Friday, June 9, 2017


     First of all, it wasn't actually in Birmingham.  The time trials were at the Oak Mountain State Park in Pelham, Alabama.  Secondly, I'm starting out with my pre-race paranoia.
     Two of my buddies, Dean and Tom, independently went to Pelham to eyeball the course.  They both came back with dire warnings.  To put it succinctly, too many hills and a sketchy turn-around for the 10k and the 5k was an out-and-back with the turn-around on a downhill section.  Such a hue and cry were made that the course was moved so as to be a slight uphill for the turn.  Why they wouldn't make it a straight course is beyond me.
Anyhow, given this information, I slapped my aerobars on the road bike and shifted my cogset from the road bike to the time trial Zipps.  The Zipp had an 11-25 and the Rolf a 12-32.  My plan was to race with the Zipps no matter which bike I used and stay in the big ring for the climbs.
     We stayed overnight in Vicksburg, Mississippi and arrived in Birmingham, picked up my packet and drove to Pelham Sunday afternoon.  I went out to survey the course myself.  Plan A was to race on the road bike to power up the hills, so for my preview I pulled out the Roark (an extremely nice custom made titanium purchased in 2001).  The 10k starts on a slight grade which quickly moved to 2% then 8%, then a downhill, then a 7% climb, for the first half mile.  Then some downhill and flats before hitting a 7% and 10% climb around the two mile mark.  The last mile before the turnaround was mostly downhill, with a little 4% climb before hitting about a hundred yards of rough road and loose gravel at the narrow turnaround.  Then back.  My graph shows seven climbs 4% or more.  Definitely not a Senior Games time trial sort of course.  However, I spent a lot of time in the aerobars and decided I'd race on my time trial bike.  Many riders opted for their road bikes.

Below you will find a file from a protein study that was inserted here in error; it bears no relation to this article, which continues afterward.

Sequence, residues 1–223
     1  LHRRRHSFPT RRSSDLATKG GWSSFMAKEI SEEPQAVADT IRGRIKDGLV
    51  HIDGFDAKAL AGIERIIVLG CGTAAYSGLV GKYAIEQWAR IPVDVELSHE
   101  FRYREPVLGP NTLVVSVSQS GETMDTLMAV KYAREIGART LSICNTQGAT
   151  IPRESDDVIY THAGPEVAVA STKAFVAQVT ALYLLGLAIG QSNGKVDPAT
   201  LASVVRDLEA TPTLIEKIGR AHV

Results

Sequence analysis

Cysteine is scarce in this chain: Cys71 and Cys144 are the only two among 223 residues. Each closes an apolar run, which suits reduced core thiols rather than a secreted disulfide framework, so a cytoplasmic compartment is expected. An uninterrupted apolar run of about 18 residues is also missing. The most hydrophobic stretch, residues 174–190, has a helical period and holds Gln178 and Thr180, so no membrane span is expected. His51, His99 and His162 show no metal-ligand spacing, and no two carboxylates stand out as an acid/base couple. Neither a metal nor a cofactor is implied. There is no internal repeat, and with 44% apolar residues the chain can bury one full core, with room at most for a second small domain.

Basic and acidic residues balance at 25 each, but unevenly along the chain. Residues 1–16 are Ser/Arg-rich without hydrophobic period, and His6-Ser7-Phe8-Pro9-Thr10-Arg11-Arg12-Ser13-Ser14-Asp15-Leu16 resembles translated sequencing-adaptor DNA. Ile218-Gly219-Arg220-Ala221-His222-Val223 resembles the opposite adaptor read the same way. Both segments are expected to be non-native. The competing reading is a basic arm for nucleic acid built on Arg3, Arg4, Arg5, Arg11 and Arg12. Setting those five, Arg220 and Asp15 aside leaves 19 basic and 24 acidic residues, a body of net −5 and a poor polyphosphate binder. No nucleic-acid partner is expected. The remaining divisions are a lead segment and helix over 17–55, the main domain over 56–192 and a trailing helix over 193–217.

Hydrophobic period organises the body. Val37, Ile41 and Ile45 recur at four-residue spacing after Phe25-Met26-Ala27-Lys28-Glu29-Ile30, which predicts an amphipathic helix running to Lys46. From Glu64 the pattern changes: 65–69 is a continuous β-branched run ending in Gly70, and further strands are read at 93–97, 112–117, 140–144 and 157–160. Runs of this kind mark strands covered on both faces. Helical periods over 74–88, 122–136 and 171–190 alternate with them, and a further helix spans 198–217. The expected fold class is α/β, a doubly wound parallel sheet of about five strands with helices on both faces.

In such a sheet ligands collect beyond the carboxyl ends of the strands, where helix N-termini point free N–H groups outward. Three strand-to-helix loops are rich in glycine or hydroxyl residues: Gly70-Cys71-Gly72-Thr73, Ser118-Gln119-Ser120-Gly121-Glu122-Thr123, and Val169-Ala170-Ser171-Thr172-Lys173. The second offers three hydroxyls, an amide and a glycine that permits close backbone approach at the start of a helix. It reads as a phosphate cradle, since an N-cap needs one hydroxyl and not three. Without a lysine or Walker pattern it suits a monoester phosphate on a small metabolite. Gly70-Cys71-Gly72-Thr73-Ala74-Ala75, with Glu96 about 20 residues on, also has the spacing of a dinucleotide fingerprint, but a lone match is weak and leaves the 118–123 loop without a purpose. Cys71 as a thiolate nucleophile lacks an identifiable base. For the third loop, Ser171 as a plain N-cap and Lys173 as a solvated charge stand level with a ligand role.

The next morning was overcast with a threat of rain later in the morning.  We arrived at 7:30 for my 9:17 start, found a parking spot and set up the trainer.  I had good luck in Hempstead with warming up on the trainer and decided to go with that routine here.  Without a time constraint, and Marilane keeping me informed on the time, the warm up was stress-free.  At the appropriate time, about 9:05 I headed toward the start line, about a half mile away (another irritation, not being able to park close to the start).  It was humid and I was pleased that they had PowerAde at the start.  They have upgraded to chip timing, for which I was grateful.
     I started well, moved up to 87 rpm then gradually slowed to a low of 67 as the grade became steeper.  My heart rate, on the other hand, jumped to 154 (max of 159), definitely in the red.  I kept reminding myself this was a long (relatively) race and take it easy to bring the heart rate down.  Well, 150 is down.  That is where it stayed for the rest of the race.  I hit 34 mph on the first downhill, and had a bit of concern in that there was a slight turn in the road.  I stopped pedaling for a few strokes but stayed aero.  I understand several folks behind me ran off the road there.  I felt good and powered through the rough road, taking my lumps.  I really believe I made up some time here.  I gingerly did the turn-around and sprinted up to speed.  Around the 4-mile mark I topped out at 38 mph, followed by 10 mph on the last hill.  I still had some oomph for the last half mile of downhill reaching 35 mph.